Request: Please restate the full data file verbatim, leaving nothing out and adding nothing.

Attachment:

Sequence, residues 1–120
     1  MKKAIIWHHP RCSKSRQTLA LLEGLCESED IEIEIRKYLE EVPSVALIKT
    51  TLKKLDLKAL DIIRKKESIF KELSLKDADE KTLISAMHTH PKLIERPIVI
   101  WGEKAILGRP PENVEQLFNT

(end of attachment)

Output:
Sequence, residues 1–120
     1  MKKAIIWHHP RCSKSRQTLA LLEGLCESED IEIEIRKYLE EVPSVALIKT
    51  TLKKLDLKAL DIIRKKESIF KELSLKDADE KTLISAMHTH PKLIERPIVI
   101  WGEKAILGRP PENVEQLFNT